The peaking factors in Table 1, and the Hunter Water precedent, suggests that a 2-year recurrence interval would be a suitable LOS standard for designing infrastructure to meet pressure requirements. It is noted that in the current Hunter Water code, that LOS standard does not over-rule Appendix F of AS2419.1 - Fire Hydrant Installations for pressure requirements.

Continuity of supply

Achievement of continuity of supply is clearly more important than maintenance of a minimum supply pressure. Guidance for setting an appropriate LOS standard for continuity of supply can be taken from several sources:

  • The Hunter Water edition of the Water Supply Code WSA 03 (WSAA, 2009) provides both peak day and extreme day demand peaking factors. The extreme day demand peaking factors are expected to occur about every 10 to 15 years on average and are used by the Hunter Water code for determining both continuity of supply and reservoir storage requirements.
  • An analysis of 83 Australian water supply authority water interruption rates (Bureau of Meteorology, 2017) for the 10-year period 2006-07 to 2015-16 found a 50 percentile rate of 10.3 years, and 30 and 70 percentiles of respectively 15.6 and 6.8 years. Those interruption rates have generally been acceptable to consumers.
  • Van Zyl EJ et al (2008), after undertaking a stochastic analysis of consumer demands, proposed that one failure in 10 years under seasonal peak conditions is used as a design criteria for the sizing of storage tanks.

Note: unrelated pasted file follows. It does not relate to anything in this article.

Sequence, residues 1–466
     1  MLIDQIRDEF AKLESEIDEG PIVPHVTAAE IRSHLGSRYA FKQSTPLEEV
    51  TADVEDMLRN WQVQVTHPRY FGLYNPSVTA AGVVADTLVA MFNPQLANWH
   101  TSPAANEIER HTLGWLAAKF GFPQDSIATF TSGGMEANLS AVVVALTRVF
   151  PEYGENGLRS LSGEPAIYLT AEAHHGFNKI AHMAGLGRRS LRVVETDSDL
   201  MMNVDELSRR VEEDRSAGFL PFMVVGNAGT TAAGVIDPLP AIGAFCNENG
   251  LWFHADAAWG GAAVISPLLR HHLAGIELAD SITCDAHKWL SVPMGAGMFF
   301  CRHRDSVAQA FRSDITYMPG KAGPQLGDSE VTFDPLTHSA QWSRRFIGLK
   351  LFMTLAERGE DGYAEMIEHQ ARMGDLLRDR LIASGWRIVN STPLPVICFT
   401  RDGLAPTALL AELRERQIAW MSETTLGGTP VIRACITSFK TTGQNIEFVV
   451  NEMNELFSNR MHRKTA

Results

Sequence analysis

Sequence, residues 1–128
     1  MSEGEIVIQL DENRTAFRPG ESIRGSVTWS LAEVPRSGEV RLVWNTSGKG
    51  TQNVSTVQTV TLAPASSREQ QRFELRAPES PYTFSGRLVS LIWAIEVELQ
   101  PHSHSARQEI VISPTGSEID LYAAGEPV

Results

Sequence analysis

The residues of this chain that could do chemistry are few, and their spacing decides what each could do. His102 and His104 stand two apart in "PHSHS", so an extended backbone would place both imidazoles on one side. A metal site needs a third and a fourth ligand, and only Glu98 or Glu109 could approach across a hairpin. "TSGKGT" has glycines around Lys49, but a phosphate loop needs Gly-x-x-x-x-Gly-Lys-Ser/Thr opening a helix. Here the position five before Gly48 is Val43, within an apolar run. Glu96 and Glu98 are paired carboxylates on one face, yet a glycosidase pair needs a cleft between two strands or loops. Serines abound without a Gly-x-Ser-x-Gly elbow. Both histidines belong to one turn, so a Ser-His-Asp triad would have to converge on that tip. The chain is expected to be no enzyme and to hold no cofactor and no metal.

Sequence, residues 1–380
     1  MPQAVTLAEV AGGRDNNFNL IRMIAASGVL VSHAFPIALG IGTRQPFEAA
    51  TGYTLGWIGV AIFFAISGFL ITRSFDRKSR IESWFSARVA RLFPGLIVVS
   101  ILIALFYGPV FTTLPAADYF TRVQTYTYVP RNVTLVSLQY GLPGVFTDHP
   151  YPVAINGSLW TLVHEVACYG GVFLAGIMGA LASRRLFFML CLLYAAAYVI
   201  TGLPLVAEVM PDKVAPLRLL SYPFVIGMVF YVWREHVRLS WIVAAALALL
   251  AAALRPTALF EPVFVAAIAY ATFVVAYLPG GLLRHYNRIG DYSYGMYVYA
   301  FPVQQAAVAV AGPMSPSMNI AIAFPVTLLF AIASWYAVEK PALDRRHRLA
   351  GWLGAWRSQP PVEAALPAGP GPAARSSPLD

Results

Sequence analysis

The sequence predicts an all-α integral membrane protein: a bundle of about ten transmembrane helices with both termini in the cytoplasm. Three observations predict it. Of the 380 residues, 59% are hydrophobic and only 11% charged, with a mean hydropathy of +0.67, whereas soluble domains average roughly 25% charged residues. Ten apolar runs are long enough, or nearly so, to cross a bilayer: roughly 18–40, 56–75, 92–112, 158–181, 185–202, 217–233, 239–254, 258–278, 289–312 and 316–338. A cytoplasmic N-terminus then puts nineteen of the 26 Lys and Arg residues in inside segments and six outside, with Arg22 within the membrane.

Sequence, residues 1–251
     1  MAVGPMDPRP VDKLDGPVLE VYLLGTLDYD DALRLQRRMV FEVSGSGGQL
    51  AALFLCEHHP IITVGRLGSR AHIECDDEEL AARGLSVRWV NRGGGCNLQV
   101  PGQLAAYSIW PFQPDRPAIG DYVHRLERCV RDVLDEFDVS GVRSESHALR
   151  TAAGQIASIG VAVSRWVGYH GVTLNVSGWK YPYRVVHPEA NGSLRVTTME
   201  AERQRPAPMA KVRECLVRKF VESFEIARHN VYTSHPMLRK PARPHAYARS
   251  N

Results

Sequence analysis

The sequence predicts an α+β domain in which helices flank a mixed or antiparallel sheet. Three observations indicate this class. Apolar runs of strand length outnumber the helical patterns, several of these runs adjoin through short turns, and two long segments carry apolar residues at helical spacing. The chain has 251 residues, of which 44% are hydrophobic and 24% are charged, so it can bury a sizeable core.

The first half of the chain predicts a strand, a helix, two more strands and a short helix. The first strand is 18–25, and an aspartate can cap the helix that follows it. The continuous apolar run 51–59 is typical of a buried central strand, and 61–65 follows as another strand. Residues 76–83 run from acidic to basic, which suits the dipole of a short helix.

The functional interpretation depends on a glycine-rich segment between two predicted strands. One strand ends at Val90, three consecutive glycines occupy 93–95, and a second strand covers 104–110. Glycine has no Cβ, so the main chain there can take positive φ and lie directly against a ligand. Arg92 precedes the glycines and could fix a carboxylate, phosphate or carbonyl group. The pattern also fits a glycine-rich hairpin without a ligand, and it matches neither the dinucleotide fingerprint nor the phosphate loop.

It is therefore suggested that 10 years is adopted as a minimum LOS standard for sizing infrastructure for continuity of supply purposes. The pressure requirements when achieving that standard would approach those deemed to be near the minimum for provision of a workable supply. A precedent for that provision is the 12 metre minimum pressure head required by the Hunter Water code (WSAA, 2009) under extreme demand conditions.

It is noted that some authorities allow lower pressures in fire-fighting situations. For example, the Queensland Planning Guidelines for Water Supply and Sewerage (Department of Energy and Water Supply, 2010), define service pressures for fire-fighting emergencies as 12m head measured in the main (relative to estimated ground level) at the hydrant, and 6m head in the main for all other areas of the water supply zone to ensure a minimum level of service to other customers during a fire event. An alternative or perhaps additional LOS might therefore be, say, a 20-year LOS in conjunction with the 6 metre minimum head as suggested by that guideline.

While the 10-year level of service is proposed to be a minimum standard, the LOS for any supply area should be expected to rise in response to the increased economic and political consequences of a loss of supply. It is suggested such consequences could be measured by a combination of the residential population representing the residential community, and the equivalent non-residential population representing the commercial and industrial community. Selection of an appropriate level of service might then be guided by equation (1):

where the Affected Supply Area Score is calculated by summing the residential population divided by 600,000, and the equivalent person non-residential population divided by 125,000. While equation (1) and these weightings are clearly arbitrary, their selection results in the LOS gradually rising from a minimum of 10 years as the supply area’s importance increases.